This season’s holidays center around joyful times with family as well as marking an end of another year gone by. For many people, this time of year is strenuous, but for people that are still grappling with their past of Childhood Domestic Violence (CDV), it can be stressful and triggering. The holidays often bring up memories of childhood trauma and the family they wished they had. Even for CDV survivors who raise their own families, CDV can still have an impact on how they manage and react at this time of year.  

But the Holidays can be better for everyone. By looking at some coping strategies you can use as well as some new perspective through awareness of CDV, you can get through the holiday season with less dread and more positive forward momentum you can carry with you into the New year.  

Some Quick CDV Background

CDV is considered an adverse childhood experience (ACE). It is the least known but can have the same level of impact as all other ACEs, and it often co-occurs alongside others. You may not have been the one suffering physical or verbal abuse, but you heard it, saw it, and experienced all the pain in that household. You lived with guilt, shame, loneliness, anger and more, giving you a rough start to finding happiness as an adult.   

The impact of that childhood trauma can shape who you have become as an adult. As CDV can negatively rewire the brain and therefore your belief system, it can take hold of all areas of your life – physical, mental, behavioral, and relational. The impact can be life-long and impact your overall well-being and happiness.

The impact CDV has had on your life can be reversed

There is hope though. The brain can unlearn what it has learned from childhood. Yes, the younger the brain, the more elastic it can be, but it is never too late for any age to learn and change the mindset – by learning about the Truths and Lies of CDV. This holiday season is where you can start to change your perspective – quite literally shifting your brain patterns, potentially improving your overall well-being and mental health.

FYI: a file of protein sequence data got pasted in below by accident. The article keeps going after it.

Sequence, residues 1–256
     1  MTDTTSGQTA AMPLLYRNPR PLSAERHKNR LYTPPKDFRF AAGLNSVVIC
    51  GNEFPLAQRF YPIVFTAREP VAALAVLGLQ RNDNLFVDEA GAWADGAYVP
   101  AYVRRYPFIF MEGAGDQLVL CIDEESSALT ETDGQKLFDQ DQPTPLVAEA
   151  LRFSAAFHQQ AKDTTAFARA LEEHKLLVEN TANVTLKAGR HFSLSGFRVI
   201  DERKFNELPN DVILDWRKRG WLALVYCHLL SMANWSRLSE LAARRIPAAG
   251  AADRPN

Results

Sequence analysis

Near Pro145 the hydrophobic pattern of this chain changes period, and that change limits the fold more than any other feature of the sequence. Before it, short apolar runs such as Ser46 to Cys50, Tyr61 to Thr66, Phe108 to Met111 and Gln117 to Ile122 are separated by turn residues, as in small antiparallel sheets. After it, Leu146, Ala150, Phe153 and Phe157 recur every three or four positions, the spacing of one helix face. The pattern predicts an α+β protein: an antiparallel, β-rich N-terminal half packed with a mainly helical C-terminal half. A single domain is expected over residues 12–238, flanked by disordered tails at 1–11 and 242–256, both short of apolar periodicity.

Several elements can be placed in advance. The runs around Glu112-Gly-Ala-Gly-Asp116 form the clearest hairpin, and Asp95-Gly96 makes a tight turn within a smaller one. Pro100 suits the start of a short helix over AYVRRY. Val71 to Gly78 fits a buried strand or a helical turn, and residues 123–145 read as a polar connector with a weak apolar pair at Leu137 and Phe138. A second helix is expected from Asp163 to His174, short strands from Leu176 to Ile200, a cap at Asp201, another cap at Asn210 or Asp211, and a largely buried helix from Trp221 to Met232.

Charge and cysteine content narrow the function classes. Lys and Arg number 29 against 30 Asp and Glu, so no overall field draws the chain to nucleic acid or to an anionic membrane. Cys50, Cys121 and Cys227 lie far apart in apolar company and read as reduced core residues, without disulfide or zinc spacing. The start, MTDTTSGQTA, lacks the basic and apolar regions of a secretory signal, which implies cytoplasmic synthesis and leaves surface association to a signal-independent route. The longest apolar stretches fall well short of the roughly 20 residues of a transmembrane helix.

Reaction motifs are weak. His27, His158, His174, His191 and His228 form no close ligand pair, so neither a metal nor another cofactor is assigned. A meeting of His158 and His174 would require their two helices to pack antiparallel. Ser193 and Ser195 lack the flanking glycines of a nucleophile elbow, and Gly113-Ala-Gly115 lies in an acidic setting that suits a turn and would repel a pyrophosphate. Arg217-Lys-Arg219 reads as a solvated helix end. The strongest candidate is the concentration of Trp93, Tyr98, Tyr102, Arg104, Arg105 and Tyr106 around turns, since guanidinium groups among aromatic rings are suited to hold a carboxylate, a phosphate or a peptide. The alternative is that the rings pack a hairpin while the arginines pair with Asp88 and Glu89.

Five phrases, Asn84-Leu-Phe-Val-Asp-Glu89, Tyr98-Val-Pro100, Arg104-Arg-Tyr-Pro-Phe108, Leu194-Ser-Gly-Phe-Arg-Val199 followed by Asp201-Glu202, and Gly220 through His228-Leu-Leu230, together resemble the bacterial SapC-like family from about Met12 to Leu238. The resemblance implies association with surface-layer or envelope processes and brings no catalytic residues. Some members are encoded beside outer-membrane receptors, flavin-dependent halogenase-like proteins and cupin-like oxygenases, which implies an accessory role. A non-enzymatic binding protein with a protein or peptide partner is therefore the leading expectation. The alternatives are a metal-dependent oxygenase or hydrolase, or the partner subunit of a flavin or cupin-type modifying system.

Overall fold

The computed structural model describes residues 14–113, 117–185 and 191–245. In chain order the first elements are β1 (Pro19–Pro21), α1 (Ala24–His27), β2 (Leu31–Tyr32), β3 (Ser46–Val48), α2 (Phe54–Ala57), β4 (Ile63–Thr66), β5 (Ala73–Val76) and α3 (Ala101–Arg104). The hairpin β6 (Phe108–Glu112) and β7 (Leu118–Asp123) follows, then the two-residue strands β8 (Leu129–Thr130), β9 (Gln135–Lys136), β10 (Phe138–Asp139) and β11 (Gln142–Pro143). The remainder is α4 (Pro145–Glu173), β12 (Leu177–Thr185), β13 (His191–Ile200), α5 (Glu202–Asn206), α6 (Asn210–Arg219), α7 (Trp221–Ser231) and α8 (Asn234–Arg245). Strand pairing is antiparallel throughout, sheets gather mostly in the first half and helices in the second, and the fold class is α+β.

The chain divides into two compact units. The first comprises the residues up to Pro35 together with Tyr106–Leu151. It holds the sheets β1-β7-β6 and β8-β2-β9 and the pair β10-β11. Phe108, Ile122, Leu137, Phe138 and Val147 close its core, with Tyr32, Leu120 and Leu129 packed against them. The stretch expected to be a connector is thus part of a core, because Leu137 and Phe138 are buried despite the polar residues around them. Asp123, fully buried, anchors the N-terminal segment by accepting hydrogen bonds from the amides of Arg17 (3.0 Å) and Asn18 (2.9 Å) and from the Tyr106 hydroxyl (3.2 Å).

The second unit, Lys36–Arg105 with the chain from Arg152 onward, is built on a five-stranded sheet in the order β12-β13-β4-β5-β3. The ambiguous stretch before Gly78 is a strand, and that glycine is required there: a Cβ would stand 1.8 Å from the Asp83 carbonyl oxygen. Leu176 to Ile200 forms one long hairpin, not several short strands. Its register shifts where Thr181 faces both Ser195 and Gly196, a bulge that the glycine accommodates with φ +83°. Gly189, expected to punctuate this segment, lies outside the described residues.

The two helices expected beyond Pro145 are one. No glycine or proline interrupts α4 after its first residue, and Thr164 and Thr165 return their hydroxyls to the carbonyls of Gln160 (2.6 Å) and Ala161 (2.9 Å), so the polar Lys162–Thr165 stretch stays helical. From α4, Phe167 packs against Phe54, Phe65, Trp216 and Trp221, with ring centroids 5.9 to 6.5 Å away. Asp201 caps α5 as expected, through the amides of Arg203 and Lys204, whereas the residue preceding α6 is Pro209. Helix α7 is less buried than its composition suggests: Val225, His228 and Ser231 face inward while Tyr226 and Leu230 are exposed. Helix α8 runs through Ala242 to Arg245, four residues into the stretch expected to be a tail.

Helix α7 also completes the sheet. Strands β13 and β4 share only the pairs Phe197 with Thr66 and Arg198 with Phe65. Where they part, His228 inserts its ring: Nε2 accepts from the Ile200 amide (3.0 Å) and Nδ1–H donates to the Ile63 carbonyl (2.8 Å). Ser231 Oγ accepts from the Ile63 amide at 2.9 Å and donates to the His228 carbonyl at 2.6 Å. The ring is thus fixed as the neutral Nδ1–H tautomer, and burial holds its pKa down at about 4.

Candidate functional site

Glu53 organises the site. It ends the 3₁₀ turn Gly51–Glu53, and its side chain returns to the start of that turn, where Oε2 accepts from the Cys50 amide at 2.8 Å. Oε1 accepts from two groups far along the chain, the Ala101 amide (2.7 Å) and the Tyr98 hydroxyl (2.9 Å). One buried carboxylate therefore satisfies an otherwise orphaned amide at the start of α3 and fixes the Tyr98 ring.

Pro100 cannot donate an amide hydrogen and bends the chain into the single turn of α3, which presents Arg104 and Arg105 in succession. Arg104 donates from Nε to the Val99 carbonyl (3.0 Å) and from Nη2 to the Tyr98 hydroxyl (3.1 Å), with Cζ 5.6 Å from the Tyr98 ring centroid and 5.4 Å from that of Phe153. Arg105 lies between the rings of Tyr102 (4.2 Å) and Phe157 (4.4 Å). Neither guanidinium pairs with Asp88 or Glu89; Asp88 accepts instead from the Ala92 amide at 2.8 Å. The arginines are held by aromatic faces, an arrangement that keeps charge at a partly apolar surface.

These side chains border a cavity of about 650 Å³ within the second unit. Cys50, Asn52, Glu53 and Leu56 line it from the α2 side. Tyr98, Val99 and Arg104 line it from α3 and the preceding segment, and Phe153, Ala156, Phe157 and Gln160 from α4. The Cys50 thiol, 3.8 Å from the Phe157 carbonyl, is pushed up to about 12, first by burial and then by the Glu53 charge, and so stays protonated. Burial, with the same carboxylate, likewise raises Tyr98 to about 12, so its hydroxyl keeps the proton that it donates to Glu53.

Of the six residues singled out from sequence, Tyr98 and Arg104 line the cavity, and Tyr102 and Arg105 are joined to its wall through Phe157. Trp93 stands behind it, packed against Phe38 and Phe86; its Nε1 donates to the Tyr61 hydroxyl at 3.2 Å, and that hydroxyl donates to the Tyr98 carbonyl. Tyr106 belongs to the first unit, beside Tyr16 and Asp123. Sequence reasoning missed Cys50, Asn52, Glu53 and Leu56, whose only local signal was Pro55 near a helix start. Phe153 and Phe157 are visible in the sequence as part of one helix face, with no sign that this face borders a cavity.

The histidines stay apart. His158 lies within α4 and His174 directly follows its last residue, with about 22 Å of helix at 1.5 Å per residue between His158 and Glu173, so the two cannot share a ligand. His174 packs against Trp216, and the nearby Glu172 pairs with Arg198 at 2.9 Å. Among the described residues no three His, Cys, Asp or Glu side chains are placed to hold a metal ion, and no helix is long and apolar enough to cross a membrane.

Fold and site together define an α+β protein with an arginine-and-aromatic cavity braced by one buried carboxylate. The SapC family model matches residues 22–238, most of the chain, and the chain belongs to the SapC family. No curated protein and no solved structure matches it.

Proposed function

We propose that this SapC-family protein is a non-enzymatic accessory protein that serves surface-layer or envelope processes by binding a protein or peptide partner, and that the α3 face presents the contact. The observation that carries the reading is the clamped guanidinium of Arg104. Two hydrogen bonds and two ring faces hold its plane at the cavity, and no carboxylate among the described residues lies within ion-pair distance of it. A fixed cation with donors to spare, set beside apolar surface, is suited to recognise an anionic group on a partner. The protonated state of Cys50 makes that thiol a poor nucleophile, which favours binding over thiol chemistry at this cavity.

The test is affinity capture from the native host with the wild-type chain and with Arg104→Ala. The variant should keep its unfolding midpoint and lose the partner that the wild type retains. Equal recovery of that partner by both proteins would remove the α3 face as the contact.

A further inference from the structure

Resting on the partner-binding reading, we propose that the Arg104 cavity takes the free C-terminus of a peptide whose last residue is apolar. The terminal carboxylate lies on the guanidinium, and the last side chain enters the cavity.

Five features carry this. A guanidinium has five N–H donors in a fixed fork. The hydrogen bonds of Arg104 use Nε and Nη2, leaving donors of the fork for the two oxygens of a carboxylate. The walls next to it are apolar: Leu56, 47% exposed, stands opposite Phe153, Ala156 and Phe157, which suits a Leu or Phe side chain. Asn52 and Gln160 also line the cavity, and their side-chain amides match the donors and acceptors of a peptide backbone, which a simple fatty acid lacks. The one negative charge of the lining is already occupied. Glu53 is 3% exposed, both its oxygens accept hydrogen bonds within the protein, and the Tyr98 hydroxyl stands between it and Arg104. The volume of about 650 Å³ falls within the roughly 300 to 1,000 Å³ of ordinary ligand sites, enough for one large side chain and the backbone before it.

Coping Strategies for CDV Survivors

To get through the holidays, whether you have your own family now, or not, the most important thing to focus on is you. This can certainly seem selfish if you are also dealing with your own family as well as your childhood family. Yet, it must be the root of all other coping strategies to ensure that you will come through this holiday season with far less to dread and more to look forward to.

  • Coping success starts with you
    • Take part of this season to face the emotions that arise from your experience with CDV. As painful as this may be, it is a coping mechanism that can help to move forward with a different perspective. A little time to grieve may provide a release to connect better with your future self and to connect with others. 
    • Do things you want to do and keep yourself busy this holiday season. Connecting with physical health through nature is often said to be healing for the mind as well. Keep your brain healthy and read, or research topics you never seem to have time for online. Buy a puzzle and spend some time each night completing it. If holiday decorating is too triggering, but you need some warmth and festivity, decorate how you want – light some candles, whatever makes you feel a warmth around you.  
    • Build your awareness of what CDV is and how it has impacted you: